What’s the best part about playing in college?
Playing on a sports team always allows for a community to be formed amongst a group of individuals, however, playing collegiate lacrosse creates a family. You don’t just play together and go your separate ways. These girls become the people you live with, the people you eat with for every meal, the people you cry with during conditioning, the people you celebrate the big wins with, and the people that day in and day out make the same decision to be a part of the special family created. The friendships made and the growth that I have made as an individual have come from being a collegiate lacrosse player are going to last a lifetime and that is something that cannot be made up or fake- it’s all real and special.
If you committed early, how did you stay motivated to keep getting better? How do you stay motivated now, especially in the off season?
I committed late for my grade (October Junior year). The biggest motivation for me is knowing that my lack of work not only hurts my opportunity to play, but it also is going to hurt the success of my team. I would be letting down my teammates to not work in the offseason and I pride myself on knowing that our position is vital to the success of everyone else around us.
If you had to do the recruiting process over again, is there anything you would do differently? Not in your choice of school, but things you considered highly then but might not necessarily now? What were the things that were most important to you to look for in a school during your process?
I always wanted to go to a school that had the rigorous mixture of academics and athletics. Considering the location of the school is extremely important and understanding the type of person you are in that regard is make or break. Personally, I have never lived in a big busy city with my family but I absolutely love being in DC and the freedom that comes with it. Something I wish that I considered more is a bigger athletic school. I am a person that loves watching sports almost more than anything in this world and sometimes I feel that in my college experience I am missing out on those sports experiences that could be had at a bigger school.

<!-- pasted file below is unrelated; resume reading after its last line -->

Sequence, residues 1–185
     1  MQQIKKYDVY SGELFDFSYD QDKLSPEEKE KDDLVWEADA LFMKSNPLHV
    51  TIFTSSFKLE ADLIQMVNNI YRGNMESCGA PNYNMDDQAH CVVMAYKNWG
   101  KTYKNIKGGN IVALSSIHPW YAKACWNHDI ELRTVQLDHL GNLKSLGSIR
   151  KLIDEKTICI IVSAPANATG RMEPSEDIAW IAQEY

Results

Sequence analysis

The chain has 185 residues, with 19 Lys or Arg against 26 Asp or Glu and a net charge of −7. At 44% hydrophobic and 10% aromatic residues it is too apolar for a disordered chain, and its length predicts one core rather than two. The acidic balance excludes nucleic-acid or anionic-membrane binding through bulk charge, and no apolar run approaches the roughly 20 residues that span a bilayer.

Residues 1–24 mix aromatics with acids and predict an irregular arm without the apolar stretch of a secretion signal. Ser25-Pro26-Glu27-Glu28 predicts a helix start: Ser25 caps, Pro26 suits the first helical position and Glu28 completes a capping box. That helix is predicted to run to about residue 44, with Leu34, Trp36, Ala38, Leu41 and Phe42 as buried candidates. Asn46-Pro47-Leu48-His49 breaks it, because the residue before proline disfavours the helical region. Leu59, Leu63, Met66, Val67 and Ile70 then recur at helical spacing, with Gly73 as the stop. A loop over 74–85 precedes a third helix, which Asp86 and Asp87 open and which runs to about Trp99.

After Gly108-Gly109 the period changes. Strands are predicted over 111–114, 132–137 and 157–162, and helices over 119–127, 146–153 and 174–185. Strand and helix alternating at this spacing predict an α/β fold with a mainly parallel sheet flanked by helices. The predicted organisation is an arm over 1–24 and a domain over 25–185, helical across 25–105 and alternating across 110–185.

Did you feel burnt out after the recruiting process? Have you ever felt burnt out throughout your career? How did you get through those periods?
I never experienced feeling burnt out after the recruiting process just because it was not very time consuming for me. However, throughout my career, there have been small spurts of feeling burnt out. Mine mostly comes from times where I am so bruised up from getting hit that every step hurts when I walk or the times where I feel that my life revolves around watching this little yellow ball and this little yellow ball is having my shoulders crushed in pressure, but always the love of the game and everything I have discussed about my teammates always pulls me out of the burnt out feelings.
Do you have a favorite drill or one that has helped you the most in goal, with and without someone else?
Personally, I absolutely love juggling. I am able to clear my own mind while also focusing and dialing in for whatever I am about to do next. It is time for me to take time and meditate while also working on my skills.
Where do you think you have grown the most in your game from high school to college and how did you do it? Did you have an individual goalie coach to help?
My game has mostly grown in the mental aspect. I have always been decent at being able to save the ball but for some time my mental stability in the cage set me back. I became a perfectionist and projected my anger outward. Today, I am able to hold in outbursts and understand when I shouldn’t save the ball. My collegiate head coach consistently reminds me to keep my emotions under control. I don’t have a specific way to magically make it better and controlled but every day it takes consistent effort to channel the emotions and understand better what is in my control and what is not.
Something you could tell yourself now when you were first learning the position?
You do not have to be perfect. I wish from a younger age I was able to decipher what I should save and what I shouldn’t.
I am someone that listens to music very loudly and dances around. I am a very hype person- it helps me channel my confident attitude and it also helps my teammates get pumped up around me.
What makes you weird? (Or just a fun fact)
I mentioned my stretchy skin in the earlier question and that’s usually my go-to fun fact.
Anything else you think young goalies would find helpful or interested in knowing?
As someone who had played club lacrosse since 5th grade and strongly believed it was the only way I would get recruited I want you to know that it doesn’t have to be that way. Club turned into a very offensive based tool and I am sure that the new recruiting rules are going to change the culture around the recruiting process drastically, but I stopped playing club lacrosse before my Sophomore summer (the pivotal summer for being recruited back in the day). Instead, I chose to attend the camps and clinics at colleges that I wanted to attend. It was stressful and I spent many nights lying awake crying and cursing the heavens questioning the decision my family made to do it our own way. However, if you believe in yourself enough and truly have the will to play at the next level- there will be a place for you out there! For all the stress that was caused, it was all worth it in the end because I ended up at the perfect place for me that incorporated everything I could have ever dreamed of.